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Cognitive Computing: Balancing the risks with the rewards from AI

This article appears in the issue July/August 2018 [Volume 27, Issue 4]


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The advantages of artificial intelligence, and in particular of cognitive computing, have been touted or attacked for some time with more heat than light. As is often the case, we see all sorts of AI and cognitive computing uses lumped into the same bucket, making it difficult to sort out truth and its consequences from hype and scare tactics.

Longtime denizens of the digital arena know that any new tool requires a clear understanding of purpose if it is to be used effectively. Cognitive and AI applications are no different. They bring both advantages and threats with them. During the past year, the Cognitive Computing Consortium, in partnership with Babson College, has been developing a more nuanced approach to using these new technologies. During the course of this research, it has become clear that a guide to understanding types and uses of cognitive computing is needed. And during the research project, we have begun to understand not just the types of cognitive applications, but the trade-offs and risks that must be considered for each.

Trade-offs

Business owners and developers must first choose the type of use they will make of cognitive computing. Having a clear vision of who will use the application, for what purpose, in which location, on what device and how the results will be used by either the user or the business is imperative. These are new technologies. They will have both good and bad but certainly unforeseen effects on customer relations and on the business in general. Here are some of the trade-offs we’ve been looking at:

1. Accuracy vs. exploration—Are you looking for some possible answers to a definable problem or for broad exploration of unknown patterns?

2. Speed of development and of response.

3. Who is the user? You can’t train customers and have to plan for a broad range of backgrounds and uses. Internal users may have enormous expertise and be impatient with designs that are too elementary.

4. Data—Curated or anything goes? Well-verified data can improve accuracy and trustworthiness. But it won’t include the social media free-for-all that lets you understand your potential audience.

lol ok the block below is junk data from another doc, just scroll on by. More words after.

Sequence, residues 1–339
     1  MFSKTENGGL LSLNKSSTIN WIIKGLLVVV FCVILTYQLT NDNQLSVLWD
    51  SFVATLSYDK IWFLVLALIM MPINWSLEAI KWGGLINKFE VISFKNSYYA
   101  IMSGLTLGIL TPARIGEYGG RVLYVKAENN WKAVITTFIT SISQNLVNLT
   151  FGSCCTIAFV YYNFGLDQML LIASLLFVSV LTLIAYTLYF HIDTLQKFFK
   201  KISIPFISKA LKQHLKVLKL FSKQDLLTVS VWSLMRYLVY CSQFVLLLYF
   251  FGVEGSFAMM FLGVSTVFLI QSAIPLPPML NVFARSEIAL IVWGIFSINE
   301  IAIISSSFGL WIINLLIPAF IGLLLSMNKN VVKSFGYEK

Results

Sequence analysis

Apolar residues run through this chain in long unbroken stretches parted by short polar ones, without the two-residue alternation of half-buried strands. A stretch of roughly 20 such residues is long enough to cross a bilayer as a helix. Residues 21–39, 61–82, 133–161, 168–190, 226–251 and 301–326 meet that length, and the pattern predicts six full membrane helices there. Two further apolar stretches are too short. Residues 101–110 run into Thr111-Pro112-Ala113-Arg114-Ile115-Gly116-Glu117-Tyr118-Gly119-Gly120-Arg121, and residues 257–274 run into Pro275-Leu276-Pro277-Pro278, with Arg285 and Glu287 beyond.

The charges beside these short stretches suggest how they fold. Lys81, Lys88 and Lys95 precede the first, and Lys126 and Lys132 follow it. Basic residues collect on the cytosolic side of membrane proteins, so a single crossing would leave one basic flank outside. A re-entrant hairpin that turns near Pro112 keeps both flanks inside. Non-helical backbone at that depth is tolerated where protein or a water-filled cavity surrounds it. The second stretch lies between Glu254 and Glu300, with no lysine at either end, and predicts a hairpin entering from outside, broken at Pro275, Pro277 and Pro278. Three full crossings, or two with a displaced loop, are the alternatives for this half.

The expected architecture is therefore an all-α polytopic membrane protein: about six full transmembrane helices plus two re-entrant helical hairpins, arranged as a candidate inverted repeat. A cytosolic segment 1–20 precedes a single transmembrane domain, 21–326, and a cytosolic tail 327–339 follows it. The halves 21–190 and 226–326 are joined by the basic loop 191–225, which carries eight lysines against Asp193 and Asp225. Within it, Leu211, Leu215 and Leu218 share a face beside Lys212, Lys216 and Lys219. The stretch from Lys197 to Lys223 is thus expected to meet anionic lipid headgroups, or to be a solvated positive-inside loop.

5. Purpose—To save lives, support medical or financial decisions, recommend products to customers or pilot a self-driving car?

6. Degree and type of interactivity needed—The ability to understand questions, track the turns and twists of a conversation and offer suggestions is critical to information exploration. Making recommendations requires an entirely different type of interface.

7. Risk—The impact of risk in the digital world vs. use of the technology in the physical world might be a matter of life and death vs. impact on the bottom line.

The bottom line is that you can’t have them all. If you opt for greater accuracy, you will need domain knowledge, taxonomies and built-in relationships. But if you describe a domain (accuracy), you will inevitably leave out what you don’t know about (exploration).

Risks

There are risks—intended and unintended—in making each of these design decisions, including risk to the customer, risk to the business and risk to the software vendor.

Risk to the customer

♦ Will it affect the customer physically? An application to guide the blind in an unfamiliar environment must be very sure of its ability to recognize barriers and drops. A recommendation for a medical treatment must take into effect not just a possible drug, but its side effects, availability (insurance, location, trained personnel to administer it) and the preferences of the patient.

♦ If virtual, will the outcome permanently affect the customer’s finances or more simply recommend products to purchase based on preferences, location, climate and purchasing history?

♦ Hacking.

Risk to the business

♦ Incomplete information will produce poor business decisions.

♦ Algorithmic discrimination—Built-in faulty assumptions will affect results.

♦ Data discrimination—Biased data or data that is not representative or knowledge will produce biased results.

♦ Poor interaction design may turn software into shelfware.

♦ Hacking and malicious AI for competitive, political or monetary purposes.

Risk to the software vendor

♦ Loss of face—And reputation, income and market position.

Bottom line

The fact is that the effects of AI and cognitive computing will be even broader than current traditional computing systems. As we incorporate more and more data sources for better results, we also increase the likelihood of affecting more lives and more organizations. Even simple product recommendations can pull the rug out from underneath small businesses that are not recommended. When these technologies are embedded in larger applications and in devices, they and their benefits and risks become widespread, and the users will assume they are reliable and trustworthy. Businesses must understand how their black boxes work. Customers must learn to be digitally and device-wary. Vendors must provide understandable tools for security, privacy and anonymization. Short of living on a disconnected desert island, there is no way that any vendor, business or customer can prevent every negative outcome. But we can hedge our bets by becoming knowledgeable and by not placing blind trust in brilliant technology. 


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